Letters

Letters 08-31-2015

Inalienable Rights This is a response to the “No More State Theatre” in your August 24th edition. I think I will not be the only response to this pathetic and narrow-minded letter that seems rather out of place in the northern Michigan that I know. To think we will not be getting your 25 cents for the movie you refused to see, but more importantly we will be without your “two cents” on your thoughts of a marriage at the State Theatre...

Enthusiastically Democratic Since I was one of the approximately 160 people present at when Senator Debbie Stabenow spoke on August 14 in Charlevoix, I was surprised to read in a letter to Northern Express that there was a “rather muted” response to Debbie’s announcement that she has endorsed Hillary Clinton for president...

Not Hurting I surely think the State Theatre will survive not having the homophobic presence of Colleen Smith and her family attend any matinees. I think “Ms.” Smith might also want to make sure that any medical personnel, bank staff, grocery store staff, waiters and/or waitress, etc. are not homosexual before accepting any service or product from them...

Stay Home I did not know whether to laugh or cry when I read the letter of the extremely homophobic, “disgusted” writer. She now refuses to patronize the State Theatre because she evidently feels that its confines have been poisoned by the gay wedding ceremony held there...

Keep Away In response to Colleen Smith of Cadillac who refused to bring her family to the State Theatre because there was a gay wedding there: Keep your 25 cents and your family out of Traverse City...

Celebrating Moore And A Theatre I was 10 years old when I had the privilege to see my first film at the State Theatre. I will never forget that experience. The screen was almost the size of my bedroom I shared with my older sister. The bursting sounds made me believe I was part of the film...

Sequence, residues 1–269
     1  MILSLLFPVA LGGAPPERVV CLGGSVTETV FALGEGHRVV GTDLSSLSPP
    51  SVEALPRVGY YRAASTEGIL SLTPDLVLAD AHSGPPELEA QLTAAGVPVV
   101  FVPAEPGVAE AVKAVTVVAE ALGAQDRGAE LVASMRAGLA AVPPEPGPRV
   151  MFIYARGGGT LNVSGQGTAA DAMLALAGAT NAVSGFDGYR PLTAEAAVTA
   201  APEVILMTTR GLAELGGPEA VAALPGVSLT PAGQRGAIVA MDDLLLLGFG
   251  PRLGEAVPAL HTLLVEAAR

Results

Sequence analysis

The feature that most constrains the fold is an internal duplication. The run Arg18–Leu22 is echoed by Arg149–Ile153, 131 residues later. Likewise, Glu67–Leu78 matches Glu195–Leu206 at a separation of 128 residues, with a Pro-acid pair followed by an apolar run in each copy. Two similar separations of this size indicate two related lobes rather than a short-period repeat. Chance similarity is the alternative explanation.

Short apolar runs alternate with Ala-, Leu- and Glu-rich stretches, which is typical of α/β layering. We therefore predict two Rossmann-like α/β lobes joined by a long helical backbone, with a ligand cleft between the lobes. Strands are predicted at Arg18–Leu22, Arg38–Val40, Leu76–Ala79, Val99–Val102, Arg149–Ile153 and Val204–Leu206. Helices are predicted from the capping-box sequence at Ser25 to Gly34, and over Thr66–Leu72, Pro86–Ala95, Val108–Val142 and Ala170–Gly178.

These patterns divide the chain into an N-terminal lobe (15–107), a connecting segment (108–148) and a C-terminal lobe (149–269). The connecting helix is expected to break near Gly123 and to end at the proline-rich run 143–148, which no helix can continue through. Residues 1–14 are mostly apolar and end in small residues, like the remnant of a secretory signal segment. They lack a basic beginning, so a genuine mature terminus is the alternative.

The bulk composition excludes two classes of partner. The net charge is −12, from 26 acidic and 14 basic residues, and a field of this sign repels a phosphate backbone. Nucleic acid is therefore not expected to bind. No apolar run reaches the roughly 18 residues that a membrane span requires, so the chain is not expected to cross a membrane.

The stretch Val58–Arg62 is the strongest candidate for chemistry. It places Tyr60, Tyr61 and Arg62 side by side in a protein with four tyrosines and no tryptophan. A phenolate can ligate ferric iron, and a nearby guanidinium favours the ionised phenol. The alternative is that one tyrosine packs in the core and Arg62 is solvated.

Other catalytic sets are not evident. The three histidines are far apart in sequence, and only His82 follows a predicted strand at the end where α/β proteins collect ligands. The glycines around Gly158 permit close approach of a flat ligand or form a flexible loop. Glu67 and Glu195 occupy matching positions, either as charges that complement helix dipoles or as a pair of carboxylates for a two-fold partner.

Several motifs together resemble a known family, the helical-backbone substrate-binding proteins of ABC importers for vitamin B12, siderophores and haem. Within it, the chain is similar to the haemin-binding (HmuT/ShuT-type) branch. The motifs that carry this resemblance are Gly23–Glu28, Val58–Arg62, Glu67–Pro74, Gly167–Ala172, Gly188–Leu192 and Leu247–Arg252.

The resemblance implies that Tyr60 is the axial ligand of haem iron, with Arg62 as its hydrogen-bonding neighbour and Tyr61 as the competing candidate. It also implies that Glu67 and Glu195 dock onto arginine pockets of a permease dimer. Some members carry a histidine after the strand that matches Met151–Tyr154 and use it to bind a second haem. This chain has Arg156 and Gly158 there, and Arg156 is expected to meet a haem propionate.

Outdated Thinking This letter is in response to Colleen Smith. She made public her choice to no longer go to the State Theater due to the fact that “some homosexuals” got married there. I’m not outraged by her choice; we don’t need any more hateful, self-righteous bigots in our town. She can keep her 25 cents...

Mackinac Pipeline Must Be Shut Down Crude oil flowing through Enbridge’s 60-yearold pipeline beneath the Mackinac Straits and the largest collection of fresh water on the planet should be a serious concern for every resident of the USA and Canada. Enbridge has a very “accident” prone track record...

Your Rights To Colleen, who wrote about the State Theatre: Let me thank you for sharing your views; I think most of us are well in support of the first amendment, because as you know- it gives everyone the opportunity to express their opinions. I also wanted to thank Northern Express for not shutting down these types of letters right at the source but rather giving the community a platform for education...

No Role Model [Fascinating Person from last week’s issue] Jada quoted: “I want to be a role model for girls who are interested in being in the outdoors.” I enjoy being in the outdoors, but I don’t want to kill animals for trophy...

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Everything's Shipshape on the Mackinaw

Kristi Kates - May 26th, 2014  

In 1943, Congress ordered a $10 million icebreaker be built to plow through the Great Lakes, keeping the wartime steel industry hopping.